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Kholo Montsi celebrates his first ATP Challenger Tour victory in Potchefstroom.

PotchOpen Ushers In New Era Of South African Tennis

Back-to-back ATP Challenger Tour events mark the return of the circuit to South Africa

On Tuesday, the North West University Potchefstroom was abuzz with excitement. An 18-year-old from South Africa was sending shockwaves through the tennis facility and across the ATP Challenger Tour.

The scene was set. It was an electric atmosphere on a perfect, sun-kissed afternoon in the university town of Potchefstroom. The youngest South African player in the FedEx ATP Rankings had just scored the biggest win of his burgeoning career.

"Let's go!", screamed Kholo Montsi. The teen let out a roar and repeatedly smacked his chest in triumph, as he earned his first victory on the Challenger circuit. An abundance of energy, enthusiasm and charisma were on full display as Montsi completed a 6-4, 6-1 victory over sixth seed Brayden Schnur.

Schnur is a former World No. 92, but his 18-year-old opponent was not intimidated. Far from it. As Montsi says, he relished this opportunity to test his talents on such a big stage.

"I was telling myself that I have nothing to lose," Montsi reflected. "It was about using this opportunity and I went out there and started fighting. I'm very happy."

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It was a valuable experience for South Africa's rising star, as he embarks on his professional journey. Building confidence against the Challenger Tour's top talents is critical for any young player, and that is exactly why Tennis South Africa invested in bringing the circuit back.

This month marks the return of the ATP Challenger Tour to South Africa, after an eight-year hiatus. Located less than two hours west of Johannesburg (the country's largest city), Potchefstroom is a well-known university town in the North West Province. Last week, the PotchOpen I signaled the country's first Challenger tournament since 2013. And this week, it is hosting the second of back-to-back Challenger 80 events. With the goal of putting the tennis-rich nation back on the map, they are establishing a new era in 2021. It all starts with providing their home grown talents with opportunities to mature and thrive.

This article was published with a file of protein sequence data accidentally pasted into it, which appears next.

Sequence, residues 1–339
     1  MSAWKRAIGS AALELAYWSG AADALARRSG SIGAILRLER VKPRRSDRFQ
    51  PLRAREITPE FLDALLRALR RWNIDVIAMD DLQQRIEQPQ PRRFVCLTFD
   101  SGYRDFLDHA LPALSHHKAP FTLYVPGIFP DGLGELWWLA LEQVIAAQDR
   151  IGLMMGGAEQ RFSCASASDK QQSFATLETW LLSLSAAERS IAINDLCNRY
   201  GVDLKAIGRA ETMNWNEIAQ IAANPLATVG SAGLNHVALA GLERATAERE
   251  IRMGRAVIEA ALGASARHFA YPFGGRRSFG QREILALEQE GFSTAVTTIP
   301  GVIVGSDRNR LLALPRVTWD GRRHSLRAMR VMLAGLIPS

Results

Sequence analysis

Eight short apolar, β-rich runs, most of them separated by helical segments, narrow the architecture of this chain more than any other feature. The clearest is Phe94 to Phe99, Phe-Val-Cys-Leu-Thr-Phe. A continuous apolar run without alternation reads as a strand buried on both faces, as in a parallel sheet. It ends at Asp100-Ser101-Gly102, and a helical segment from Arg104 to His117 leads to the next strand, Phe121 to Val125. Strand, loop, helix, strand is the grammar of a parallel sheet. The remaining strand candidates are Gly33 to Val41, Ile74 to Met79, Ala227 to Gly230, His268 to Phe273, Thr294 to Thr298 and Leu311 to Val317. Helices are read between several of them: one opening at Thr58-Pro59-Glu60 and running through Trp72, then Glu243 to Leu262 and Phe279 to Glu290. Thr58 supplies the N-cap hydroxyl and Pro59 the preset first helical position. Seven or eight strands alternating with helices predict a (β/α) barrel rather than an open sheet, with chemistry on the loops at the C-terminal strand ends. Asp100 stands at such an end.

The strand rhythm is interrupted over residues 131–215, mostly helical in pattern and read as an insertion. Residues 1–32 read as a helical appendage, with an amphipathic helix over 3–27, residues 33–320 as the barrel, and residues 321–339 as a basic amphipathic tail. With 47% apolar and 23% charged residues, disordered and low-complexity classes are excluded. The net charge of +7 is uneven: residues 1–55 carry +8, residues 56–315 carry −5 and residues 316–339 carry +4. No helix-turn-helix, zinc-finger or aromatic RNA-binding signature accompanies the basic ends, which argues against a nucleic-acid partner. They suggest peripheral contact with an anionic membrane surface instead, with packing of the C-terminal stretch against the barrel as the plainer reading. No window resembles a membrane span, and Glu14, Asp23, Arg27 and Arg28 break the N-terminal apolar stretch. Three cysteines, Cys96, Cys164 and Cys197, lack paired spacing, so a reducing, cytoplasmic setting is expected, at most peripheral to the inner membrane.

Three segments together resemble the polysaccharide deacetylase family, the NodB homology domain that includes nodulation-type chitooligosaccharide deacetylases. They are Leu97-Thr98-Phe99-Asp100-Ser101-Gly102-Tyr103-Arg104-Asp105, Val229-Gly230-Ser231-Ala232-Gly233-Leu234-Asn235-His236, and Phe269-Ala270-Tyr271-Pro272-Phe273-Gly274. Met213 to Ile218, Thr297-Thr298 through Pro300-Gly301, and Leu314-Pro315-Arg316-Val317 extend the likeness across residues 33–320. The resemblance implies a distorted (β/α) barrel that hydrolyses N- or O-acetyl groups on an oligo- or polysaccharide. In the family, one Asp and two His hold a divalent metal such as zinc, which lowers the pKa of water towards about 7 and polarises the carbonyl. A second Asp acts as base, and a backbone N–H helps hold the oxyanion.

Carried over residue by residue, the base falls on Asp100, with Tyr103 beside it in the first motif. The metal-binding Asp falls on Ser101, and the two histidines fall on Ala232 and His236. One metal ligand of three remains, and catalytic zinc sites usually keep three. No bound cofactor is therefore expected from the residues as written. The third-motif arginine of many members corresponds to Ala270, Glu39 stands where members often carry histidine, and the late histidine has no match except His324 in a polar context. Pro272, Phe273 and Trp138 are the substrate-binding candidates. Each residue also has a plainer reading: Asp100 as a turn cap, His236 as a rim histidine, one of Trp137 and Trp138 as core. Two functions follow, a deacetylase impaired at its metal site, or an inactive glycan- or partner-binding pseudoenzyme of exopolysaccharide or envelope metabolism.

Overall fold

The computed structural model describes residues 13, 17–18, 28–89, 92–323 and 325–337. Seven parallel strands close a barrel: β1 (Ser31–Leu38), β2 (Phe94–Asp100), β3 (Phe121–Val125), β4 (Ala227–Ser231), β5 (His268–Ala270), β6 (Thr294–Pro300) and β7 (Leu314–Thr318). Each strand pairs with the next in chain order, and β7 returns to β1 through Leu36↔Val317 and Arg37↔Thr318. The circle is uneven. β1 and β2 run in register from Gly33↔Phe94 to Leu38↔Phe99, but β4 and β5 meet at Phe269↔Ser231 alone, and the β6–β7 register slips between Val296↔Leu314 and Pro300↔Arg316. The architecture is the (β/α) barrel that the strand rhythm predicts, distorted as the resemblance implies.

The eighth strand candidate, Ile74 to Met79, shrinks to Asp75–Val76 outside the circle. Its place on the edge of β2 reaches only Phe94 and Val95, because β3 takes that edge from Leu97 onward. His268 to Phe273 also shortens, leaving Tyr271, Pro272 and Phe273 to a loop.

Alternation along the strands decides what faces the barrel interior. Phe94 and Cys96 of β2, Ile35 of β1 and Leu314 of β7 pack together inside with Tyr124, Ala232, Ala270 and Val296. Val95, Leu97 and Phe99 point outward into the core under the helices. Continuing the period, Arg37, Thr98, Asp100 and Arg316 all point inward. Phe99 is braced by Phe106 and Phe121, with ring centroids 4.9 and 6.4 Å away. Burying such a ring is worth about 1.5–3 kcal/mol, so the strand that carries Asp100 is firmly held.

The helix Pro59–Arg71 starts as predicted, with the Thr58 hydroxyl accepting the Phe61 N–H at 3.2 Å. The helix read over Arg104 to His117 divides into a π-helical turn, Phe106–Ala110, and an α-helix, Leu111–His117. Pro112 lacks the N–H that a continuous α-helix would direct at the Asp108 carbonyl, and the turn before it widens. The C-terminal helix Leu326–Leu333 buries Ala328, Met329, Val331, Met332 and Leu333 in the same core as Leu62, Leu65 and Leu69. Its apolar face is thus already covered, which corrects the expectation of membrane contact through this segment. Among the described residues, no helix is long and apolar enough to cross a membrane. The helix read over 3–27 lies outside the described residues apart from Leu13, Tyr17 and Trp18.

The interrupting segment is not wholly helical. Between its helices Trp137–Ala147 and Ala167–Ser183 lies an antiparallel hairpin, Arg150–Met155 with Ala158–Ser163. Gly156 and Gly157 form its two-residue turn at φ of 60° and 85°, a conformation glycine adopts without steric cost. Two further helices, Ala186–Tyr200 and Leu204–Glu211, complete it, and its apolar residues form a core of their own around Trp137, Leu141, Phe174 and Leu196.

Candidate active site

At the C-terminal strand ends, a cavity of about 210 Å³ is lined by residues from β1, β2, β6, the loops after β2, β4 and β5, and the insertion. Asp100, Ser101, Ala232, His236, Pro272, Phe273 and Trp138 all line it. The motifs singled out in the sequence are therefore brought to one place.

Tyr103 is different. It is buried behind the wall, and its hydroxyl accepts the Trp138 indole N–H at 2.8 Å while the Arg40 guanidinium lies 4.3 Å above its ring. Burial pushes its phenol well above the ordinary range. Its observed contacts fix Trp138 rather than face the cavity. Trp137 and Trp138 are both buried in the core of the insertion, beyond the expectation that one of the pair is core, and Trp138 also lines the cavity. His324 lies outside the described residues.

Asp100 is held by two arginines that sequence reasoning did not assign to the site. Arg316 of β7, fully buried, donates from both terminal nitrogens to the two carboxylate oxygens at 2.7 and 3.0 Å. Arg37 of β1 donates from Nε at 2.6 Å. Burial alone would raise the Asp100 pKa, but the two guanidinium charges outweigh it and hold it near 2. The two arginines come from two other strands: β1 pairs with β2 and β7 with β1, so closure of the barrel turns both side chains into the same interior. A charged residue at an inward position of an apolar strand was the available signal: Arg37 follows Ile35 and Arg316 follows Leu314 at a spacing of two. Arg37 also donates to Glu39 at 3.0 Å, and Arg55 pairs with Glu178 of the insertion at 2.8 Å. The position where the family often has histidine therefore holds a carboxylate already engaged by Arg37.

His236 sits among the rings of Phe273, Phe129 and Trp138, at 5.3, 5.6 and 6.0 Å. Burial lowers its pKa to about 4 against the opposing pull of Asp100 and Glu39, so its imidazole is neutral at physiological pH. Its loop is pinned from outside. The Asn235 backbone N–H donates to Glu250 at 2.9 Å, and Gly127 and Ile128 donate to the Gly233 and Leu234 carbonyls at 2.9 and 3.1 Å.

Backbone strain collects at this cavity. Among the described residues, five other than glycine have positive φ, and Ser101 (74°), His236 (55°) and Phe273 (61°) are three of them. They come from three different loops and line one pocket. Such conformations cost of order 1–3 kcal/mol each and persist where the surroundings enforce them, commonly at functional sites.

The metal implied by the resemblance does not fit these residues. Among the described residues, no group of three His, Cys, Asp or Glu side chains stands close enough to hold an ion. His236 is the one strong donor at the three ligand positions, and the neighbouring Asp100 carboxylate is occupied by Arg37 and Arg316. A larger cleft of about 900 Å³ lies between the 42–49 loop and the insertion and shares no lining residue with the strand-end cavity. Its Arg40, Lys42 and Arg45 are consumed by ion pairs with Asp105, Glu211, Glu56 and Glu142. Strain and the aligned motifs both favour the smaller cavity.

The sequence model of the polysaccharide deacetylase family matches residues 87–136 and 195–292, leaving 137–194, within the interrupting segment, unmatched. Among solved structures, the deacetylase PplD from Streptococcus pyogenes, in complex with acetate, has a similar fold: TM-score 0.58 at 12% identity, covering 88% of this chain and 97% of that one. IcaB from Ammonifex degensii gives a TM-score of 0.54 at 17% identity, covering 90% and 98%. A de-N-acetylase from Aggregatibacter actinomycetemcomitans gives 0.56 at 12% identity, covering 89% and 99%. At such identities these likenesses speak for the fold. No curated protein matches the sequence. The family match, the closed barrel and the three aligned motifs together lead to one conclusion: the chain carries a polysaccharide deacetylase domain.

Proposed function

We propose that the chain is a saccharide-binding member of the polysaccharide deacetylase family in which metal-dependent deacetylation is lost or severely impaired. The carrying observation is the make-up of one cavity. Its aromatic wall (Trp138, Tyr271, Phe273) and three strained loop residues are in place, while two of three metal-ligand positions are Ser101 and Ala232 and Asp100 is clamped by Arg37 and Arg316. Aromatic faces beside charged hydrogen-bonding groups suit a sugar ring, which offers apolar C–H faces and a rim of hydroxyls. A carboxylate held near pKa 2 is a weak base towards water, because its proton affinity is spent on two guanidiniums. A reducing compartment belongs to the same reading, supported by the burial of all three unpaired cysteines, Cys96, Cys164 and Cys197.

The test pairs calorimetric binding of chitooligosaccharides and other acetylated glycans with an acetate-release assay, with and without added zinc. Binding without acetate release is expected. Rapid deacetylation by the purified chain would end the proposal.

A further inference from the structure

South Africa has long played a significant role in the history of men's professional tennis. The likes of Kevin Anderson, Kevin Curren, Wayne Ferreira and Johan Kriek reached the Top 5 of the FedEx ATP Rankings, while Byron Black, Wayne Black, Raven Klaasen and Kevin Ullyett cracked the Top 10 on the doubles circuit.

The country welcomed some of the game's best for many years, hosting an ATP 250 event in Johannesburg until 2011. On the ATP Challenger Tour, the Soweto Open was held until 2013 at the historic Arthur Ashe Tennis Centre.

Montsi

For Montsi, the Cape Town native is making strides since appearing at the 2020 ATP Cup as part of Team South Africa. It was there that he soaked in the world-class atmosphere and learned about life as a professional, while enjoying a front-row seat as his countrymen battled the likes of Novak Djokovic and Nick Kyrgios.

Two of his ATP Cup teammates - Raven Klaasen and Ruan Roelofse - are also in Potchefstroom, competing as the top seeds in doubles. For them, being able to return to their roots and inspire the next generation of South African players is essential.

"Coming up as a junior, you have big aspirations to compete at the top," said Klaasen. "When you can see this level of tennis in front of you in your home country, it plants a seed for where you might go one day with your dreams. Getting this exposure is valuable for younger players."

"For myself, it's about leading by example," added Roelofse. "To be professional on and off the court and make kids excited about tennis and want to be like us. This is what we're trying to achieve."

Tennis South Africa CEO Richard Glover sat down with ATPTour.com to discuss the return of the ATP Challenger Tour and the future of the sport in his country...

What do you hope the impact of these Challenger tournaments will be, as South African tennis continues to grow and develop?